Hens in the City

Anybody priced organic eggs lately? Like everything else, they’re going up, Up, UP! And you can’t, and I don’t, blame the farmers a bit. Everything’s costing more for everyone, whether it’s the farmers and ranchers being edged-out and pushed to the brink of extinction by the big food conglomerates, or the consumer trying to make smart food choices.

Speaking of food conglomerates, I finally watched Food, Inc yesterday. Oh man. So much there that I just really wish I didn’t now know. As I posted on my Facebook status, I’m loving my organic/heirloom garden, local beef and local butcher who processes it, and wild game. This year’s gardening efforts will be (even) bigger than before as I now have a greenhouse and sharing more community garden space. I freeze, dehydrate and can as much veggies as possible during the summer and early fall, and hopefully this year’s gardening results will take us all the way through the winter and Spring to come.

But one issue I have is regarding eggs. When I owned Liberty Oaks Ranch in Liberty Hill, Texas, I had a big sprawling Texas-sized home garden with fruit trees, a few head of cattle, and poultry. Hens from Rhode Island Reds to Aracaunas… guinea fowl… and quail! And I seriously miss having a couple (or three) quietly clucking, busily bug pecking, egg-laying hens around.

So now that we have two kids and live in the city limits in Billings, Montana, and prices have climbed and threaten to skyrocket, I’d sure like to have some hens at home. A cute little henhouse/hutch with a very small chicken yard… lots of garden scraps and very eager grasshopper-catchin’ children to feed them… even a heated greenhouse in the wintertime for sorta-outdoors-livin’. I’m all set, right? Except for one little thing…

Billings City Code – Sec. 27-607. Livestock and fowl.
Livestock, as defined in BMCC section 27-201, shall not be maintained in any zoning district located within the limits of the city.

This includes hens, as they are lumped together by section 27-201 with their larger, smellier brethren such as swine, sheep, cattle and horses. Now I’ll be the first one to admit that I’d LOVE to have my horse at home with me again, instead of off at the boarding ranch. However, to put it delicately, he produces more compost materials than I am able to successfully process in a timely fashion in my smallish garden compost operation. And he has very big feet and weighs 1000#, which isn’t necessarily compatible with a small yard, two young children, a beagle, a garden, and said greenhouse. Comparing him to a hen is just ridiculous.

Apparently the whole code issue is not necessarily frequently ENFORCED, as determining the said City Code took quite some time on the computer researching, as well as several phone calls to our City officials before an answer was researched, I was called back, and the verdict was rendered. However, BREAKING laws isn’t necessarily my thing, when they can be taken on and CHANGED! As community gardening takes off, not only across the nation but also in my fair city, local food is lauded, and perishables increase in price and scarcity (to put that in sort of a backward sentence), I think it is only right that we reconsider this city code and revamp it!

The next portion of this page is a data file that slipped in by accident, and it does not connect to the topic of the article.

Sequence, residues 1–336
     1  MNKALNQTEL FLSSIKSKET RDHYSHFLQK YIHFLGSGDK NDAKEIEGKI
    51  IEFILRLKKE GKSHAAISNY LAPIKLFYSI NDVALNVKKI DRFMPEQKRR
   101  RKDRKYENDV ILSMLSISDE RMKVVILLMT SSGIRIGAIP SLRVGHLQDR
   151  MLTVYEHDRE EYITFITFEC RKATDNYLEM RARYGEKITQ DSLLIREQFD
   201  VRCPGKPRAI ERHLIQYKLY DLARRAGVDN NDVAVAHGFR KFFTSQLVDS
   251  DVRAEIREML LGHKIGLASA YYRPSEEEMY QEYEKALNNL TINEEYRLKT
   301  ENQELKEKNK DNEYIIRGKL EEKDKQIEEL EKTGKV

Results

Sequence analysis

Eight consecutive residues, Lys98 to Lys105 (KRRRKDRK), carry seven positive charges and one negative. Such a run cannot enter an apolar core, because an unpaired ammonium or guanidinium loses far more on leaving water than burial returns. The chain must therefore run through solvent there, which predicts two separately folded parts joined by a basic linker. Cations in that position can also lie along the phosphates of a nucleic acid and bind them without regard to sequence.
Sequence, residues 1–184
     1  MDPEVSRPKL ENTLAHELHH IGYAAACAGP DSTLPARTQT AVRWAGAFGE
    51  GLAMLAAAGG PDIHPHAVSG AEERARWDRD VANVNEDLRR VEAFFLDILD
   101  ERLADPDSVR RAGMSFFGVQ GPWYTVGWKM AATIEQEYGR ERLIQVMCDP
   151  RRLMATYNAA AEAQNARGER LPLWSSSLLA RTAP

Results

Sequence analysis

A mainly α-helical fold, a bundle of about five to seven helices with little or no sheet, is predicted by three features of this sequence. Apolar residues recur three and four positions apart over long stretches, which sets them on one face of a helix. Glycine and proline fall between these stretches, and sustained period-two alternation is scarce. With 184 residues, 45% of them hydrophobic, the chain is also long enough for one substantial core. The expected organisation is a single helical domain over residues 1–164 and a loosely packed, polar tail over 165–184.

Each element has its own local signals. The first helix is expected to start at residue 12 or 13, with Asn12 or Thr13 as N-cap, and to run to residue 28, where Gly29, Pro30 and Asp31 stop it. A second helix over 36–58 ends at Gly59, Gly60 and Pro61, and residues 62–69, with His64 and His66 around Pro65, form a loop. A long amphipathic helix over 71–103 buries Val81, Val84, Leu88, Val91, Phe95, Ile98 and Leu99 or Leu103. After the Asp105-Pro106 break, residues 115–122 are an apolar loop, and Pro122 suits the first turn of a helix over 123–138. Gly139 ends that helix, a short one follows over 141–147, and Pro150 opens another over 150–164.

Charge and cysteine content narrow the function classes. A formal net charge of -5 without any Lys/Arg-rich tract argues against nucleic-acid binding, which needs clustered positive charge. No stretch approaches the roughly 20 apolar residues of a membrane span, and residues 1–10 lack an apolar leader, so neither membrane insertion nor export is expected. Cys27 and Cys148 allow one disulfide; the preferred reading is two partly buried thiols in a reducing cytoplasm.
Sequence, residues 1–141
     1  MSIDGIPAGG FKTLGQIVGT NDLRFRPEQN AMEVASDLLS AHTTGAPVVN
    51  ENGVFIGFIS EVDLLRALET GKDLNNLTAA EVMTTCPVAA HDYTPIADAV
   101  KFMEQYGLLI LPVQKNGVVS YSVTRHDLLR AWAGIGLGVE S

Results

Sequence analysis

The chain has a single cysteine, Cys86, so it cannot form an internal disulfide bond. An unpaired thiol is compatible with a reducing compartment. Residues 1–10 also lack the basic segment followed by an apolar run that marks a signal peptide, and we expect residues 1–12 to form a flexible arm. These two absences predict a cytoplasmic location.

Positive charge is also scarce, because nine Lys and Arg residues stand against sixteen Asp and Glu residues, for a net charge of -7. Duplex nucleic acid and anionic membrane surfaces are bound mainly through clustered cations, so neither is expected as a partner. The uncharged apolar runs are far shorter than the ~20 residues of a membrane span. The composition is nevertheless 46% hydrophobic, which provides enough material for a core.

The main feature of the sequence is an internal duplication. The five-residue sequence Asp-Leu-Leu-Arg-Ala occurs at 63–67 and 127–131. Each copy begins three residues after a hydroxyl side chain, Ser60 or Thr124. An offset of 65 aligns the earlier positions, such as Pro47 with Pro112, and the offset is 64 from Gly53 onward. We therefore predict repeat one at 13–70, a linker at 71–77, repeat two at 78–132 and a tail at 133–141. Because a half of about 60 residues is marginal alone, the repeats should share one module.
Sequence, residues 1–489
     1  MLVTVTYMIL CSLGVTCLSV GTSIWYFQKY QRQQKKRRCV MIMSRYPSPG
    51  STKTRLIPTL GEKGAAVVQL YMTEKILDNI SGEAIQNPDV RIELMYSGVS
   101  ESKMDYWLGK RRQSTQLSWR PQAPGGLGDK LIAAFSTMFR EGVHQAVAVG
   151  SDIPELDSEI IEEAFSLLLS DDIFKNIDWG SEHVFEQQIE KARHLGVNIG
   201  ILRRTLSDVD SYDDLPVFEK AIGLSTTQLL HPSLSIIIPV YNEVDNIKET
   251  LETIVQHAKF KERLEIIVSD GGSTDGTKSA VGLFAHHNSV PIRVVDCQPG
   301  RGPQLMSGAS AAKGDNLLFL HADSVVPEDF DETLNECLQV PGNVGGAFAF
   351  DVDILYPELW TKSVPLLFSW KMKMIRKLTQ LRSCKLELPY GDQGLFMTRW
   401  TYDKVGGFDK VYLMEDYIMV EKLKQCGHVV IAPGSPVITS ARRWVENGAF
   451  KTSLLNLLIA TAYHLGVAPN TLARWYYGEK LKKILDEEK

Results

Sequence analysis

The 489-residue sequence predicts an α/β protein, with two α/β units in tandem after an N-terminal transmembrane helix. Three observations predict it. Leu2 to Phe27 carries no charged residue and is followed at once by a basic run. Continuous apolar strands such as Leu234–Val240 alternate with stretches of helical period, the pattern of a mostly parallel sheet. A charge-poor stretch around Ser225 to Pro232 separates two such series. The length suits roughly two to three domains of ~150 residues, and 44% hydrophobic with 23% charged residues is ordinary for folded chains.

So my city councilpersons have been contacted, the ball has begun rolling. I’m on a mission… a mission for HENS IN THE CITY!

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2 responses to “Hens in the City

  1. You should check to see what is on the city of Missoula’s website – I remember reading an article at one time in the paper about the same issue. I think people there are allowed to have a small number. I would love to have some chickens but Ben needs to be older and I need to get Mike on board.

    • You’re right – Missoula has fairly recently changed their city code to allow a limited number of hens in town. It’s quite widespread across the nation; even the Code Enforcement Agent here in Billings told me that it was a very old code and not enforced unless there was a specific noise/smell problem… which should not be an issue with a gentle and quiet hen breed (like Buff Orpingtons) and tidy owners. Chicken pens that are not just wildly overcrowded are actually quite clean – they eat EVERYTHING. Spiders, sowbugs, slugs, wasps, flies, ticks, june bugs, etc. And there are a ton of quite adorable chicken coops (both portable and non) available… Mark is quite handy with the hammer though so ours will be, like our greenhouse is, a home-creation-endeavour.

      The only warning I will post about hens is… cover your pedicure if you’re a sandal-wearer, before visiting them. Girlfriends love them some red, and toenails are fair game!!

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